The hot new TV trend is the superhero genre. It feels like you can’t change the channel without stumbling upon one of these. Netflix and The CW are currently competing to see who can have more superhero programming with Fox and ABC trailing slightly behind.
It feels like there’s a 4-way crossover every other week between The Flash, Arrow, DC’s Legends of Tomorrow, and Supergirl. While many of these shows are incredible, not every superhero show is great. Some have started off strong, but gotten too convoluted or “out there,” whereas other shows have gotten stronger with each season. See which of the current superhero shows on TV and streaming services are the best and which fail to live up tp the genre.
Someone really, really wanted Inhumans to happen. But it probably should have just stayed on the drawing board. It is about Black Bolt, the enigmatic, commanding head of the Inhuman royal family and King of Attilan but the rocky road the show had before it aired on ABC overshadows it.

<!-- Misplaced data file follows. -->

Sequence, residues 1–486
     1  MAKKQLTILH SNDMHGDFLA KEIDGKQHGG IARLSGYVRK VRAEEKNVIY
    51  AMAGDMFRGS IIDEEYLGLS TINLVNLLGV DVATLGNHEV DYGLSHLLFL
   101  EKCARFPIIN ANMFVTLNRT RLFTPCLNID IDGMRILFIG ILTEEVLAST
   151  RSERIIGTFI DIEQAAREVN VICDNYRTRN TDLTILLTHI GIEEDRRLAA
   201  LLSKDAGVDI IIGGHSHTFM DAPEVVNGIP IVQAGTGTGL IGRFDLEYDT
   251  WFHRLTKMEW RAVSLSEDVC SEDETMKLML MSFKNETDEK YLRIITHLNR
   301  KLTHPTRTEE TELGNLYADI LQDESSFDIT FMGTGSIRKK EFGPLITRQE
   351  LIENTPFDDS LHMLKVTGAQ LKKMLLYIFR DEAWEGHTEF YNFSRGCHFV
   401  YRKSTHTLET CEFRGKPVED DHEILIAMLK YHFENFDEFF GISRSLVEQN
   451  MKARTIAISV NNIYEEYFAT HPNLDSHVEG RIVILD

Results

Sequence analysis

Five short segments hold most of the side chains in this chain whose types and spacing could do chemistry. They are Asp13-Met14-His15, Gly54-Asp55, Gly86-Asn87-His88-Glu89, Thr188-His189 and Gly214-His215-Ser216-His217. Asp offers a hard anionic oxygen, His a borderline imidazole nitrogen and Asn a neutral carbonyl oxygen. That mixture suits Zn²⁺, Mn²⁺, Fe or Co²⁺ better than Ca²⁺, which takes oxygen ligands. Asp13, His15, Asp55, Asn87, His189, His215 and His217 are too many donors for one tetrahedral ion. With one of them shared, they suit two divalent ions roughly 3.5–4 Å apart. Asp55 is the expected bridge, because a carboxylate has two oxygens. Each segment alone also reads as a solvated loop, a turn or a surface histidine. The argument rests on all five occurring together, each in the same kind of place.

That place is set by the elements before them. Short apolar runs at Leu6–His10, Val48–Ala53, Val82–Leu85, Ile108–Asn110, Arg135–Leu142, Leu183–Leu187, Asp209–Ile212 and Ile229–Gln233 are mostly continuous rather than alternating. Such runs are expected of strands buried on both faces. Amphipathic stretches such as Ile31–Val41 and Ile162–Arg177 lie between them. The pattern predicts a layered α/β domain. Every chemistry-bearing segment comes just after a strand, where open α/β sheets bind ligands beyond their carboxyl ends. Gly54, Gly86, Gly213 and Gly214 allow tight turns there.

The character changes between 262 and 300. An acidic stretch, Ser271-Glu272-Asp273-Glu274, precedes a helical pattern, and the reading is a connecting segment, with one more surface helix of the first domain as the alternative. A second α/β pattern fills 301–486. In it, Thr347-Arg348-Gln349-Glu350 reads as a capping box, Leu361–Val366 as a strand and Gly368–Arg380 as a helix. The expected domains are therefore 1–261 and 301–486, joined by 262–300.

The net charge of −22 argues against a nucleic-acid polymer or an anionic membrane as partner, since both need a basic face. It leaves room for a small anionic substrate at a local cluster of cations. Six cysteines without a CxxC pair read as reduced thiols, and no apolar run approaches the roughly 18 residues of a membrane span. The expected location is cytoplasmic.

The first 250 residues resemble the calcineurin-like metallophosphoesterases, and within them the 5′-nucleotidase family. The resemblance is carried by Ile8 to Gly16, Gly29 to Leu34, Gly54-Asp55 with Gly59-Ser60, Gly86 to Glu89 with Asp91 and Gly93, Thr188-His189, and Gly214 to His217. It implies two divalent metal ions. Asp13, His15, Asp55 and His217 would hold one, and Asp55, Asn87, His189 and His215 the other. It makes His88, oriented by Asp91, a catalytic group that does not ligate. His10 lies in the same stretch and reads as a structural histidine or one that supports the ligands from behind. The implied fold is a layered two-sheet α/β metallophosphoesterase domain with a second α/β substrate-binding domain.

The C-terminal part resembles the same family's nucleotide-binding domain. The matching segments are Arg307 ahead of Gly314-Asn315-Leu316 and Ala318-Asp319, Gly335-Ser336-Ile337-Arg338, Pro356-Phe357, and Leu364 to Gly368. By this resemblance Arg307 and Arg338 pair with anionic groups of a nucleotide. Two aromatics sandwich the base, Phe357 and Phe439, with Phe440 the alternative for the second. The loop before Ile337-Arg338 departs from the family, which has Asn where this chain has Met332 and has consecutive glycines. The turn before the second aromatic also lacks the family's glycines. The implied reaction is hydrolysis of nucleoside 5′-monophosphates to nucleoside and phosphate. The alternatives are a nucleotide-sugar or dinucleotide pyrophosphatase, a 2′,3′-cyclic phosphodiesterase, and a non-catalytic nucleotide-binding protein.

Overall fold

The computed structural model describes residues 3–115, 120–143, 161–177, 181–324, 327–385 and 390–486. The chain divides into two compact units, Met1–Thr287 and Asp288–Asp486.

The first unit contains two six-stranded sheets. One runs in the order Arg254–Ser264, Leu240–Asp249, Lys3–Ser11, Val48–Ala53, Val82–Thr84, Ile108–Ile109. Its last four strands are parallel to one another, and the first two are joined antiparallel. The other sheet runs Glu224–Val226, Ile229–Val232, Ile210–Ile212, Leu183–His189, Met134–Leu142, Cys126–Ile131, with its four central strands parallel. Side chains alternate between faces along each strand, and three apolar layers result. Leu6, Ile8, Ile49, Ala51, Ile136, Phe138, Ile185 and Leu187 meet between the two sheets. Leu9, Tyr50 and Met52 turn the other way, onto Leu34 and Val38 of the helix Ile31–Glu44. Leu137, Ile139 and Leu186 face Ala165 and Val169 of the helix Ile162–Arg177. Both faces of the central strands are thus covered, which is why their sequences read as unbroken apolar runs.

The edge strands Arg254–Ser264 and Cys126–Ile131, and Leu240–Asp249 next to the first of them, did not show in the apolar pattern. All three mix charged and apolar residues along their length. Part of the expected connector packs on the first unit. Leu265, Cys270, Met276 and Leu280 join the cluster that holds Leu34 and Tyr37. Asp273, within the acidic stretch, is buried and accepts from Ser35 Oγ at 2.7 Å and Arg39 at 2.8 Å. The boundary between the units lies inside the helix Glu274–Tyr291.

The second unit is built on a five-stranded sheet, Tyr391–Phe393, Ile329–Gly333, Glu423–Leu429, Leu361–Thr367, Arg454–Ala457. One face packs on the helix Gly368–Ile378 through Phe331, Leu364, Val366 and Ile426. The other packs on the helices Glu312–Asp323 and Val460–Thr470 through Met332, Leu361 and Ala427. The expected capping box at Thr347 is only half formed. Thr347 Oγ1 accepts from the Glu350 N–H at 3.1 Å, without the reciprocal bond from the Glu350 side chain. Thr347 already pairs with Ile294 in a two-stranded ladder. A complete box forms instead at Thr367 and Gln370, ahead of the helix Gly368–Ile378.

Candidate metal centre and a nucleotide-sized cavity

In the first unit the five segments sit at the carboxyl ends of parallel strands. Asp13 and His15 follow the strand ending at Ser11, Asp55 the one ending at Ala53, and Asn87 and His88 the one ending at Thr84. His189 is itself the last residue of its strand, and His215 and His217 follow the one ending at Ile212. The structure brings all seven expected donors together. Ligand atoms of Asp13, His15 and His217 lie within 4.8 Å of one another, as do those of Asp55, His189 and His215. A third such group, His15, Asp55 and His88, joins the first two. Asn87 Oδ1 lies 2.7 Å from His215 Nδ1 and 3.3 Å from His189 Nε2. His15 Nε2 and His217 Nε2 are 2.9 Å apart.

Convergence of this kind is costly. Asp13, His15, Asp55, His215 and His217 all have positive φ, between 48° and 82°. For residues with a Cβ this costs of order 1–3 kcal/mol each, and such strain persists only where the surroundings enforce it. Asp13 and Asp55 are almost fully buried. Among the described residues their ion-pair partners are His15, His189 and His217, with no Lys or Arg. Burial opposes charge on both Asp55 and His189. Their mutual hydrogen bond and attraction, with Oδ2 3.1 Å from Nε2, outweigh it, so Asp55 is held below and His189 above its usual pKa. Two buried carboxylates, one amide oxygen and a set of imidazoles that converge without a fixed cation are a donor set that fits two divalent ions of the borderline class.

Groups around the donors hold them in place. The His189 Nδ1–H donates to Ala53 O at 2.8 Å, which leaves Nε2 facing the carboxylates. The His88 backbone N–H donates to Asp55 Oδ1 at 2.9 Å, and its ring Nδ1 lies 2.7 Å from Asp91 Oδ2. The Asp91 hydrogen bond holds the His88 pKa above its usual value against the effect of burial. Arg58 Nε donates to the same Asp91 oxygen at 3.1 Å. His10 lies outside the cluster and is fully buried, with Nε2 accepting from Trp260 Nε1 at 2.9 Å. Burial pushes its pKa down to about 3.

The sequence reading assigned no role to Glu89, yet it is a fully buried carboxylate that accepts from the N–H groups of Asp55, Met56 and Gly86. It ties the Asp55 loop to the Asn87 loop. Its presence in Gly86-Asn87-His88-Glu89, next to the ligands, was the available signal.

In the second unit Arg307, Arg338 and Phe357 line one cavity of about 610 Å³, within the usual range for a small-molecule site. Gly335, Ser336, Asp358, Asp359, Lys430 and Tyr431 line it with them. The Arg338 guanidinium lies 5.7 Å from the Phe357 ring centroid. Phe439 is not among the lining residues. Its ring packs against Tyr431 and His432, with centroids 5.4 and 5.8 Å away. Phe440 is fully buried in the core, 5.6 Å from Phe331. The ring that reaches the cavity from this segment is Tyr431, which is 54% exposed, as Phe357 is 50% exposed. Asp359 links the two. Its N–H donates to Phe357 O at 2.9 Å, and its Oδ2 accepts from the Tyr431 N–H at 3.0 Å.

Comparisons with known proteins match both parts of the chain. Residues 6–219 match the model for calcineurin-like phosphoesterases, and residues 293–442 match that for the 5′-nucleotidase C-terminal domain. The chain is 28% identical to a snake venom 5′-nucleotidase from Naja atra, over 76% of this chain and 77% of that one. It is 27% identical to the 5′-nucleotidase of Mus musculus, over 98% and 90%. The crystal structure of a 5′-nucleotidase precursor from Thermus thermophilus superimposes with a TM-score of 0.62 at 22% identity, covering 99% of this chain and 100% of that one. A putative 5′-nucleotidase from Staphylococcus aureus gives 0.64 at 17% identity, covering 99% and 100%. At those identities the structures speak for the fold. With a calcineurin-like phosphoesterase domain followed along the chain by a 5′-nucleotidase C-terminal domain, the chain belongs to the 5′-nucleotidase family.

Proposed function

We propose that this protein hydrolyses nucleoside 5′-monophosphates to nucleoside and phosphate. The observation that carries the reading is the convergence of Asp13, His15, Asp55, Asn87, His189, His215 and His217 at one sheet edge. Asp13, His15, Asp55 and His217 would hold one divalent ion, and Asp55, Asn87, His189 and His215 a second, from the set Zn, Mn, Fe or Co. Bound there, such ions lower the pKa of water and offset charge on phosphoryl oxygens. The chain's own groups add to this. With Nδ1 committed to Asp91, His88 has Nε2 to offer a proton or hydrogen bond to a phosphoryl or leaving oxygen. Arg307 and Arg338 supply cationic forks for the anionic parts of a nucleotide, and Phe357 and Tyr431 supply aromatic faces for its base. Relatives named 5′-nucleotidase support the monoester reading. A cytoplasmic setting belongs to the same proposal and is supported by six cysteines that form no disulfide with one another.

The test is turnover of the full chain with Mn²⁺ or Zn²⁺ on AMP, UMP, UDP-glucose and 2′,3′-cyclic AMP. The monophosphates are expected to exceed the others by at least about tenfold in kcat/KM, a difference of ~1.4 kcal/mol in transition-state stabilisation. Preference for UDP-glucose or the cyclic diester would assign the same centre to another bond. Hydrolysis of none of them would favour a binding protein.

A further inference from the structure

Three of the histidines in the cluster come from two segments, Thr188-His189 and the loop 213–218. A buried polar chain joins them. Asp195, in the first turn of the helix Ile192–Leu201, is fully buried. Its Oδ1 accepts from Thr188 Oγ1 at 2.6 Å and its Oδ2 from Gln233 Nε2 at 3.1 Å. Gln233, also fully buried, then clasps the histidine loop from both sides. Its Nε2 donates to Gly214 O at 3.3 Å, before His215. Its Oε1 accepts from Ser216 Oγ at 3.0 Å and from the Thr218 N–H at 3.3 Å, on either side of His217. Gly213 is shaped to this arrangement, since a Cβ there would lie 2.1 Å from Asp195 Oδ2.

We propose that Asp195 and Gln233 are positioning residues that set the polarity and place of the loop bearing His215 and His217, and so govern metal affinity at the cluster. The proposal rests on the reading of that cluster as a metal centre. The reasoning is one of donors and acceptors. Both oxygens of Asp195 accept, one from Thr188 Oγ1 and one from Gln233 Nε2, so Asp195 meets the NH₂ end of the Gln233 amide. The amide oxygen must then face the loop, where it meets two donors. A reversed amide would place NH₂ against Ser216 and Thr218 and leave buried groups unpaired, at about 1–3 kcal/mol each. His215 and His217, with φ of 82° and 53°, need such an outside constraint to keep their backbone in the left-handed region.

It was originally supposed to be a movie in the Marvel Cinematic Universe but was scrapped from the infamous Phase Three lineup without too much explanation as to why. It was then adapted for TV, though the first two episodes were also released in IMAX.
But really, the big issue with Inhumans is the writing. It’s far too melodramatic and the writing style isn’t supportive enough of the angle they’re trying to take, so it comes across as bad. Seeing ABC has such a limited number of superhero shows, you’d think they’d have put out a stronger front with their most recent show, but it is just not a good series as the ones it’s competing with. Hopefully, they switch things up!
15. Iron Fist
Before Iron Fist even hit Netflix, it was clouded by controversy. There was a very heated debate over whether or not the show creators whitewashed the main character (and some supporting cast) and that led all the way up to the show’s premiere. Iron Fist isn’t Marvel’s most interesting hero, but the success of Daredevil, Luke Cage, and Jessica Jones had left hope for Iron Fist. But the hope is long gone for this show. The writing isn’t at the level of the companion shows. It felt more of a childish take on martial arts, and not a show centered around a character who is skilled. The episodes are simply not compelling enough for viewers to want to watch the next episode. #sorry
14. The Gifted